This is an ongoing blog series entitled, Reasons to Try Our Meat CSA, describing some of the reasons our members have shared with us why it works so well for them.
Reason #2: Our meat comes from happy animals, not sad animals.
We have a lot of young families in our meat CSA. And one thing we hear from a number of our members is that there are frequent conversations around the dinner table where discussions about animal welfare and human responsibility are given tangible expression while eating our products. One member even told me of his daughter asking many times after one of these conversations questions like, "did this chicken come from a sad animal, or from the happy animals at Farmer Luke's farm?"
We take pride in our animal husbandry, and are always working to improve the way our animals experience life around here.
The animals here are always moving to fresh, clean, forage-covered ground. In general, animals don't want to stand around in a mixture of mud and feces. And they do want to express their innate foraging instincts in a healthy ecosystem filled with diverse things to eat and enjoy. A pretty significant amount of the work we do around here is moving portable infrastructure so that the animals can have all they need (fences, water, feed, minerals, shelter) while remaining on the move.
We also provide shelter from the most extreme elements: shade when it's too hot to be out in the open, and shelter for the species that need it in winter. For the less rugged species out there, especially chickens, we also completely revolve our production calendar around the times where they can be most comfortable. We usually try to keep our hog operation pretty small through the winter.
Baby animals are always given extra care and attention, as one might expect. This winter we plan to build a new brooder so that we can grow, but still provide ample, warm, draft-free, predator proof space for our birds to start out life on the farm. We also carefully time when baby lambs or pigs are born, and keep a close watchful eye on them. With our lamb program, we have two guiding principles: intervene if a baby ever really needs your help. If you have to intervene though, that baby and her mom will leave the breeding program and enter into the meat program. This one-strike policy may sound harsh in a discussion about happy animals. But it is a very important piece of it. If sheep that end up having foot problems or parasite issues or low birth weights are allowed to breed, then our farm will have more animals living on it that experience increasingly more problems, and increasingly more suffering, and we will have to intervene more and more. But for animal and whole-farm flourishing, we allow only the most-healthy to breed, and therefore we end up with the healthiest, happiest flock possible in the end.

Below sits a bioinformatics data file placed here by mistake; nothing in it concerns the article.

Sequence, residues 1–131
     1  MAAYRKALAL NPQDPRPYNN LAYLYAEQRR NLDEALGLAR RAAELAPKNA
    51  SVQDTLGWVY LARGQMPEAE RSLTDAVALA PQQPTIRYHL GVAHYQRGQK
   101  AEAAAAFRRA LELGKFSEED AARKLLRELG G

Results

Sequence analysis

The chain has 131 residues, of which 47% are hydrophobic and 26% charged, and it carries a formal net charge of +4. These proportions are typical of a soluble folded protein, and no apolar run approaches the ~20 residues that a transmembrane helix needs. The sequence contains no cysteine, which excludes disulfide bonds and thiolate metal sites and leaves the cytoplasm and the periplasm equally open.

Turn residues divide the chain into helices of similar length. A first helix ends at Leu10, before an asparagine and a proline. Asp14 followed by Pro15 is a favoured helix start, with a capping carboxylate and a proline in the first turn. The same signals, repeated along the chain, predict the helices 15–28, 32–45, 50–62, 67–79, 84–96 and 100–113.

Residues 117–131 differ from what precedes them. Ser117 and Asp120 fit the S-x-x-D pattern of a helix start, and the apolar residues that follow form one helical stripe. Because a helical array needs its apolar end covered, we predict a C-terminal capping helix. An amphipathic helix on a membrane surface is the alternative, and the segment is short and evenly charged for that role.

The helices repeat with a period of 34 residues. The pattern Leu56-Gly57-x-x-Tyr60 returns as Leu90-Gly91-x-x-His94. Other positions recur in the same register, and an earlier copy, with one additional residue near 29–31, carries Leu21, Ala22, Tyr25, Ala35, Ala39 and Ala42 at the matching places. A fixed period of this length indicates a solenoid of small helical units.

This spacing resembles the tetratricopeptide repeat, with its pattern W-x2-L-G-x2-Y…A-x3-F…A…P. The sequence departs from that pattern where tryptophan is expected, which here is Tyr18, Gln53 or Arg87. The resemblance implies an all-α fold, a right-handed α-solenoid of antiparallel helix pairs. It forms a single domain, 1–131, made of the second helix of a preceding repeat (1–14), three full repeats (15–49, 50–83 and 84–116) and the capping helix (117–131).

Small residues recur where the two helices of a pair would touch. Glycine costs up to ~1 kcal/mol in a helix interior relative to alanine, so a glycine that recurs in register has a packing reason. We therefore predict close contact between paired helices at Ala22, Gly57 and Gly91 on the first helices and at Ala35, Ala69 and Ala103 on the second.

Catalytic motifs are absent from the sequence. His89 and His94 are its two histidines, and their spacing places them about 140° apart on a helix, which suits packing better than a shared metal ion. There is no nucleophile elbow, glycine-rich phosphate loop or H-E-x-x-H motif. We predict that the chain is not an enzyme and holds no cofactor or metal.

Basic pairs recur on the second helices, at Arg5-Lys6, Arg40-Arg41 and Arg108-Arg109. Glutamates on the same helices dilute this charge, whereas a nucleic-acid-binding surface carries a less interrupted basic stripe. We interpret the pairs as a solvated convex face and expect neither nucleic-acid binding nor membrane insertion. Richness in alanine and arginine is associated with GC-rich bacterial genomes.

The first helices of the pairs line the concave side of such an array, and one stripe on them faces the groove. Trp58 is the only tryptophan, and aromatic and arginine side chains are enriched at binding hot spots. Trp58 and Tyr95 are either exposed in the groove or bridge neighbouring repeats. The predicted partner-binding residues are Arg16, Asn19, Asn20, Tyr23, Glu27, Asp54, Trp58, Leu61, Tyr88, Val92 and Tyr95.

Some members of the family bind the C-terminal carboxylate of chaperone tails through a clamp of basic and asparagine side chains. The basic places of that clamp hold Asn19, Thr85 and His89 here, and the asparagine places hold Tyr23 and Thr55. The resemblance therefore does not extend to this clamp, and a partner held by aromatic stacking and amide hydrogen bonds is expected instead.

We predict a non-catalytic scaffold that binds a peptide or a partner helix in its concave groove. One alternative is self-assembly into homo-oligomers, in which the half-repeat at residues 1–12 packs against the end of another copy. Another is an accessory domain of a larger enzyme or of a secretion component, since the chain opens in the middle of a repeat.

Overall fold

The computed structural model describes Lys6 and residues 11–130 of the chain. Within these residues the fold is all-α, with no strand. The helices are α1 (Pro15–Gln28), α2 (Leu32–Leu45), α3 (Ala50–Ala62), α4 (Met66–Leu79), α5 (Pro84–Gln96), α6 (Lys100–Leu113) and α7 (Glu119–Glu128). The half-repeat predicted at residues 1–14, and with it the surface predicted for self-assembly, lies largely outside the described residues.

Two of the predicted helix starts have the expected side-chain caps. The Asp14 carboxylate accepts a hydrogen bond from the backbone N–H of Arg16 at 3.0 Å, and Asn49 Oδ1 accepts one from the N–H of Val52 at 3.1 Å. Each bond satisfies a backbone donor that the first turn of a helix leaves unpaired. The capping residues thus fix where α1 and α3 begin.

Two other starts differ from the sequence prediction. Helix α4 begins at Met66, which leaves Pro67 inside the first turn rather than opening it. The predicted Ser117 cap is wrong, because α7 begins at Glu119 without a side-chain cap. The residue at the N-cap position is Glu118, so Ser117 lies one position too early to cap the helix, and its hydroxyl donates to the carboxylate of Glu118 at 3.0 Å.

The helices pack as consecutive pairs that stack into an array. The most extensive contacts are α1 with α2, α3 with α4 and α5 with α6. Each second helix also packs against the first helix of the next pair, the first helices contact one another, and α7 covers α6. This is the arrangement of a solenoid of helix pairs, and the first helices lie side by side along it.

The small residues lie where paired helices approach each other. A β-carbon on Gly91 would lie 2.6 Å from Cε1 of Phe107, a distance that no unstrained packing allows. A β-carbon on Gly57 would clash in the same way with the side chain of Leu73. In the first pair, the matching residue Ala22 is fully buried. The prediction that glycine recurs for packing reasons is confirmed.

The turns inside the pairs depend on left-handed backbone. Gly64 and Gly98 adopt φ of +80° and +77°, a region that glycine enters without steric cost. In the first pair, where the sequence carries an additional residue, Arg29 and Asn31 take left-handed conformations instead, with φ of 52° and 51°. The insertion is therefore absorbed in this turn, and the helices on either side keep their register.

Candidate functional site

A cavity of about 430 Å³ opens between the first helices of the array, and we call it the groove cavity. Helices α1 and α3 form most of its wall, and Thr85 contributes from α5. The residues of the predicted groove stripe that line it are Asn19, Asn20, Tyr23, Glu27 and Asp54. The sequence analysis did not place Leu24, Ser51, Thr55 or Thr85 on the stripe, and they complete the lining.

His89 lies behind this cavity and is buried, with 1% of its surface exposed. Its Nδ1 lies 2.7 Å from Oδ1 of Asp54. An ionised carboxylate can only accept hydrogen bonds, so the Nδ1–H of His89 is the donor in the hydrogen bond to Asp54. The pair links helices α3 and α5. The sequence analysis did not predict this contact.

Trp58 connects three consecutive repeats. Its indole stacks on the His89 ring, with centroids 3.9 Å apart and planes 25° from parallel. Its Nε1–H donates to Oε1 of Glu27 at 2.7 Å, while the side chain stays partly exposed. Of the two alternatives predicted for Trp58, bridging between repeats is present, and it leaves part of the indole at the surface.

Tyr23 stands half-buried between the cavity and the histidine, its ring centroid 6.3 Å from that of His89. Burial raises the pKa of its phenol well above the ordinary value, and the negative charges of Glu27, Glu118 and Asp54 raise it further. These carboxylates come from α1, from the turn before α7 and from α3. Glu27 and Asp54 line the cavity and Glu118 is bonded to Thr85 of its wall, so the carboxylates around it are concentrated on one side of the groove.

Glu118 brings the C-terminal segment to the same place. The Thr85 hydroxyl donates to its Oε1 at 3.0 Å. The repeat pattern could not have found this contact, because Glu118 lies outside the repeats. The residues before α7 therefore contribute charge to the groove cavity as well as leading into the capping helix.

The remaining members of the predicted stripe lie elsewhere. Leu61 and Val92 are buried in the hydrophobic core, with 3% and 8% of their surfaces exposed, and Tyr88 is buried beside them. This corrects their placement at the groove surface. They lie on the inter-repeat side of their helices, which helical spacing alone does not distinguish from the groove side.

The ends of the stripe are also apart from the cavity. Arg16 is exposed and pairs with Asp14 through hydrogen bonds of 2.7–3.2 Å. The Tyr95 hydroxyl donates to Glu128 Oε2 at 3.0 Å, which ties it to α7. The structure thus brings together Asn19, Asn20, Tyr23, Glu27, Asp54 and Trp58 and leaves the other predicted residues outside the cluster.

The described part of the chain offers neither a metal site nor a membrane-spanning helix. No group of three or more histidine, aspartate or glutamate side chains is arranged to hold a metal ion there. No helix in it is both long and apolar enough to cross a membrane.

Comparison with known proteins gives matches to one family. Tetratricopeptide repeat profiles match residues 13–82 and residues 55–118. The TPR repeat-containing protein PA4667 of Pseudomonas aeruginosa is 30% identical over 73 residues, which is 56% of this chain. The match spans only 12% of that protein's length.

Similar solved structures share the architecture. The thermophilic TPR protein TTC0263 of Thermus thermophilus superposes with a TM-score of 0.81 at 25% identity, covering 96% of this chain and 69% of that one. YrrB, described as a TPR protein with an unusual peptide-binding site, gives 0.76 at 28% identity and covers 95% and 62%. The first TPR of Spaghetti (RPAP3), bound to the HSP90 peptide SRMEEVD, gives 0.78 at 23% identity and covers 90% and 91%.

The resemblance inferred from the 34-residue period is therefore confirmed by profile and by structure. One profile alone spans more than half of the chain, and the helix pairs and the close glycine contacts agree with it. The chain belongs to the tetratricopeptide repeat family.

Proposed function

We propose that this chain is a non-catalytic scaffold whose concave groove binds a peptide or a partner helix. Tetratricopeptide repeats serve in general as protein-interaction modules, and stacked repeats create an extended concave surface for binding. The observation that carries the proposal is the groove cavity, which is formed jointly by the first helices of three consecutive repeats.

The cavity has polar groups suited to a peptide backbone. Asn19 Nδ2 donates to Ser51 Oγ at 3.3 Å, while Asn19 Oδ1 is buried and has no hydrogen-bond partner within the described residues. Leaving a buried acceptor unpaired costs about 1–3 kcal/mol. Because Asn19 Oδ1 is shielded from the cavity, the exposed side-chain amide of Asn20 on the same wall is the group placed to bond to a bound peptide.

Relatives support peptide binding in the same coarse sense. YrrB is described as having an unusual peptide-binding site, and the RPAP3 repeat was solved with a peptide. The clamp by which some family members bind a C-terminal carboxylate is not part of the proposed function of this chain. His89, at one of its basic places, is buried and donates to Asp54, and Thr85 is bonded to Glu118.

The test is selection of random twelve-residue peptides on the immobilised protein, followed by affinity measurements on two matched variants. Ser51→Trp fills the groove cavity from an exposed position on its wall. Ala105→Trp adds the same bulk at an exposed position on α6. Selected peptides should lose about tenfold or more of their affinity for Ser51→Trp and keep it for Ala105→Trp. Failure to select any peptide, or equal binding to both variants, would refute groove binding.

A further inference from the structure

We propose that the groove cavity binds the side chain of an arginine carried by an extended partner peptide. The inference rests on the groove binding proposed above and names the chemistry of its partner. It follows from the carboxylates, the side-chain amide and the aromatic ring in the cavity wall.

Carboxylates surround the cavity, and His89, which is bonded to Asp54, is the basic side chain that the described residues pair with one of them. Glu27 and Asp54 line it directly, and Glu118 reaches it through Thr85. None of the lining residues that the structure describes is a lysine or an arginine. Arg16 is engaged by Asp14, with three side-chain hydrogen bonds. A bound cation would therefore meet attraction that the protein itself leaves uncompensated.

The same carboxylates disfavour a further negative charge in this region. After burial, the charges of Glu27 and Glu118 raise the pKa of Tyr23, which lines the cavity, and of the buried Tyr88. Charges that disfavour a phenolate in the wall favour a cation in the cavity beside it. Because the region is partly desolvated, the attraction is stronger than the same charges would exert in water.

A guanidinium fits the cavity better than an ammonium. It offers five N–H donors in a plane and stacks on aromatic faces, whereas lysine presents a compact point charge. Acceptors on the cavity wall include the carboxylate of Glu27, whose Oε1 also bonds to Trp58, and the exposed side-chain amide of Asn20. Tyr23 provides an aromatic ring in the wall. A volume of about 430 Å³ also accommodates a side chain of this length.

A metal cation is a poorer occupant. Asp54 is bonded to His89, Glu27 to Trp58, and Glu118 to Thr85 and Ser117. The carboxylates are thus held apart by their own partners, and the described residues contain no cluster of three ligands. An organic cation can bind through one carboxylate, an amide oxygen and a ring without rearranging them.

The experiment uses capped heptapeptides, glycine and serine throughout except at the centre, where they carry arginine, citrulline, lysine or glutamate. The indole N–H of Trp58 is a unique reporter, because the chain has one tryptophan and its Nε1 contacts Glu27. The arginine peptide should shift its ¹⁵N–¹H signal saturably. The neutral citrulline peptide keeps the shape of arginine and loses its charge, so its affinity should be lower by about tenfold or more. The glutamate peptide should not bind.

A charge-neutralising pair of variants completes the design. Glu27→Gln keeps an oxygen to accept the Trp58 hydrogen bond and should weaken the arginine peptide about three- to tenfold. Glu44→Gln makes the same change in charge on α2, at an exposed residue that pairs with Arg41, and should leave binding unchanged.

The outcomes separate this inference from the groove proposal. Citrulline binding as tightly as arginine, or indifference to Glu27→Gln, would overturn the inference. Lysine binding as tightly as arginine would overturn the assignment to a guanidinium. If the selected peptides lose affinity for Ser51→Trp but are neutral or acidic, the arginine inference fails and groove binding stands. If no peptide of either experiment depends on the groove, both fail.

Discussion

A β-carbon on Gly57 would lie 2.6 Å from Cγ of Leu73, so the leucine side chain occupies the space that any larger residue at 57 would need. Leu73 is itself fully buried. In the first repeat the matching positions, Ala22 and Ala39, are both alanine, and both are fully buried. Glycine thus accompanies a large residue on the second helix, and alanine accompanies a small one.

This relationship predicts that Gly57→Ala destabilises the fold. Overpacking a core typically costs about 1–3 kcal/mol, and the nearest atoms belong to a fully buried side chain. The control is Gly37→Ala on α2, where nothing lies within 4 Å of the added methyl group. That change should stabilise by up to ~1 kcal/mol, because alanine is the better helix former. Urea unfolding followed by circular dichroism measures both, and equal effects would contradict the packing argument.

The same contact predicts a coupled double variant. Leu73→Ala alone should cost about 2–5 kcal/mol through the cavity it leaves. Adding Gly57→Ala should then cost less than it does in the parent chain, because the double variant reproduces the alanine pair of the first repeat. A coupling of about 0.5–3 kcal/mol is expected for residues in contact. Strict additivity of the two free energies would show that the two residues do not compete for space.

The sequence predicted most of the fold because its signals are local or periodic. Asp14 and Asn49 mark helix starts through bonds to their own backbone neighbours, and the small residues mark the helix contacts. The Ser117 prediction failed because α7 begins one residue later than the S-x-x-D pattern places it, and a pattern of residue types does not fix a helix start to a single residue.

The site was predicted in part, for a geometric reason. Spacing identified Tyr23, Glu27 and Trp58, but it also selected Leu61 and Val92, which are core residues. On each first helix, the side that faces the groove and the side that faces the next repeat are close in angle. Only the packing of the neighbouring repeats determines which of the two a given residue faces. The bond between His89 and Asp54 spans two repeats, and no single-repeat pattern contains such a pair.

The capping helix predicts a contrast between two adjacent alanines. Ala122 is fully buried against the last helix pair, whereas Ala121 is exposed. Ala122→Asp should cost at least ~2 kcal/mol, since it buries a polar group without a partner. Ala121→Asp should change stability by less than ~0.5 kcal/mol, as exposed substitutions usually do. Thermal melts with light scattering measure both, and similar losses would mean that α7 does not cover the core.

Pictures can show some things that a blog can't describe. Feel free to look around at our Instagram page for photographic evidence of happy animals living on our farm. We take animal welfare seriously, and try to remain as transparent as possible. We also will be having a fall farm party in the next month, should anyone want to come out and see for themselves.
If this, or any of the other blog posts in our Reasons to Join Our CSA series has piqued your interest, we'd be happy to have you take a look at what we offer, and why this program might work well for your family: Click here to learn more about our Meat CSA